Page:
Ban on religious symbols, education reforms top agenda as National Assembly resumes
François Legault readies for first full legislative session as premier
Quebec Premier François Legault has a busy session ahead at the National Assembly, with promises to settle the longstanding debate over religious symbols, iron out a plan to cut the number of immigrants and put more money into education in his party's first-ever provincial budget.
The legislature sat for only two weeks in December after the CAQ won a majority on Oct. 1, and Legault and his cabinet have made several of their priorities clear for the upcoming session.
Here's a look at the issues likely to dominate the National Assembly.
Ban on religious symbols
Immigration Minister Simon Jolin-Barrette will be a busy man. He is expected to table a bill that would ban public servants from wearing religious symbols, a proposal that's likely to dominate the legislative session.
In an interview Sunday, Legault said he wants the whole issue settled by summer — an ambitious (and perhaps unrealistic) goal, considering the debate is no less contentious now than it was a decade ago.
Pascal Bérubé, interim leader of the Parti Québécois, told CBC on Monday he's optimistic "we can solve this question for a long time in this session."
The specifics of the bill are still up in the air — including whether there will be a grandfather clause allowing teachers who already wear religious symbols in the classroom to continue to do so.
"It's quite ambitious, because it's a very controversial issue," said McGill Prof. Daniel Béland, a political scientist and newly appointed director of the McGill Institute for the Study of Canada.
"There is pushback from unions and from teachers. It will be difficult for the premier to navigate that."
Jolin-Barrette is still trying to figure out how many teachers the proposed legislation will affect. School boards reported being asked last month by the Education Ministry if they had a record of how many of their teachers wear religious symbols.
Jolin-Barrette is also overseeing the province's commitment to cutting immigration by 20 per cent. The CAQ government will need the co-operation of Prime Minister Justin Trudeau's government, which oversees the family reunification and refugee programs in Quebec.
Pre-K classrooms, more cash for education
Education Minister Jean-François Roberge also has a long list of challenges ahead of him.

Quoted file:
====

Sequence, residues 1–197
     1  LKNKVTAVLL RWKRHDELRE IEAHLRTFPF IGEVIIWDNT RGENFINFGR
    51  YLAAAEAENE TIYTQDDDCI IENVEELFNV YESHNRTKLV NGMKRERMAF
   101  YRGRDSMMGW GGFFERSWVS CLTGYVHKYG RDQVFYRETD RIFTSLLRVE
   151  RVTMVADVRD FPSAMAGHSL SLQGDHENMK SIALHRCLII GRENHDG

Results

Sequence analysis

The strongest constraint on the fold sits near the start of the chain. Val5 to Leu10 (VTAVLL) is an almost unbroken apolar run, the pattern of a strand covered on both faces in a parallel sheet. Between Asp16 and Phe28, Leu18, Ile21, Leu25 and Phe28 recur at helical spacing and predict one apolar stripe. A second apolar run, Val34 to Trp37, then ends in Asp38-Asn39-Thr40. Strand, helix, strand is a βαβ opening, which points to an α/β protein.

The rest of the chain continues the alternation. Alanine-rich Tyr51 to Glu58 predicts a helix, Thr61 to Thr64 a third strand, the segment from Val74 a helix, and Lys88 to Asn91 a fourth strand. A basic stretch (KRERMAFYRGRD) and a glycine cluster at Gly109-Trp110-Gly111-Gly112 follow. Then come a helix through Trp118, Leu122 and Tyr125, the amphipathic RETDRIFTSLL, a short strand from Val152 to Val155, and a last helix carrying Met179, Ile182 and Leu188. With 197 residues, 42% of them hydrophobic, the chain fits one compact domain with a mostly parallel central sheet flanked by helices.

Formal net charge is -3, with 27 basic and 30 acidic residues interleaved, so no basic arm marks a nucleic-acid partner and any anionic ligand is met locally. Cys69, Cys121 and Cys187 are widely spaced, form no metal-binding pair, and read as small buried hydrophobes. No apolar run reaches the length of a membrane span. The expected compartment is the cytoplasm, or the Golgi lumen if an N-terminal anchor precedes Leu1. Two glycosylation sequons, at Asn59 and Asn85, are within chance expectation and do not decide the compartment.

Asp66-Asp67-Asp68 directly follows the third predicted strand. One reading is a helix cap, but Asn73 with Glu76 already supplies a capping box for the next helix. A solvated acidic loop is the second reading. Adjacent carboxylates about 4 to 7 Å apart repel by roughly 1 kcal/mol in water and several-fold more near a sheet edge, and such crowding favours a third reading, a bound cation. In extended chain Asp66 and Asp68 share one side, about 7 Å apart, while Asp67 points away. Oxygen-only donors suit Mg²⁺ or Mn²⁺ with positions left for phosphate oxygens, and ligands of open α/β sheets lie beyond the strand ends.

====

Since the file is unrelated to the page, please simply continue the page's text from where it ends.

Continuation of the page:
The CAQ promised during the campaign to improve the condition of the province's schools, boost the starting salary for teachers and extend kindergarten to four-year-olds — all this despite a shortage of teachers and classroom space in many Montreal schools.
Roberge told Radio-Canada he plans to introduce a bill ensuring pre-K is available to four year olds across the province.
"We want it to be accessible to all, not mandatory, but accessible to all," he said. More than 200 new kindergarten classes are planned for next September, but the CAQ has promised 5,000 within five years.
In the CAQ's economic update in December, Legault promised more money for education, as well as health care, but there's plenty of demand.
One of the province's largest teachers' unions, the Fédération autonome de l'enseignement, issued a statement ahead of the legislative session calling on the CAQ to address an $891-million shortfall in the public school system.
"The danger when you inflate expectations like that is the so-called investments might be a bit modest," Béland said.
The CAQ has also committed to scrapping school boards, though a spokesperson for Roberge said a bill to do that likely won't be tabled until the fall. English-language community groups have promised to fight that plan in court.
A call for environmental action
Legault, already criticized for his lacklustre environmental platform, swapped out MarieChantal Chassé as environment minister only three months after the election. She was replaced with Deux-Montagnes MNA Benoit Charette.
Environmentalists are still hoping for a clear commitments from the provincial government on climate change.
In an open letter Monday, six former Quebec environment ministers called on the government to pass legislation ensuring the province meets its greenhouse gas emission targets.
If the CAQ continues to face pressure from the political class and grassroots environmentalists, Legault may be forced to make a stronger commitment, Béland said.
The CAQ tabled a bill in December tightening the restrictions on the consumption of cannabis, including increasing the legal age limit to 21.
Legault has promised to put that law into effect quickly, to avoid confusion about the rules for the newly legalized substance.
"I want to send a clear message to all young people. Please, don't use pot. It's not good. It's dangerous," Legault said in December.